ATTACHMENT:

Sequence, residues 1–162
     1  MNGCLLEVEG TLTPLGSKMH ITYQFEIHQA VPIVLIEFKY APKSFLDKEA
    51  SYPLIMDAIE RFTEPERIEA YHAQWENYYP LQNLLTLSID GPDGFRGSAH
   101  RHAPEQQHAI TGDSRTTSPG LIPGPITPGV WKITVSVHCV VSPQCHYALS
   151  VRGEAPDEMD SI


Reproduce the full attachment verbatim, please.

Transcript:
Sequence, residues 1–162
     1  MNGCLLEVEG TLTPLGSKMH ITYQFEIHQA VPIVLIEFKY APKSFLDKEA
    51  SYPLIMDAIE RFTEPERIEA YHAQWENYYP LQNLLTLSID GPDGFRGSAH
   101  RHAPEQQHAI TGDSRTTSPG LIPGPITPGV WKITVSVHCV VSPQCHYALS
   151  VRGEAPDEMD SI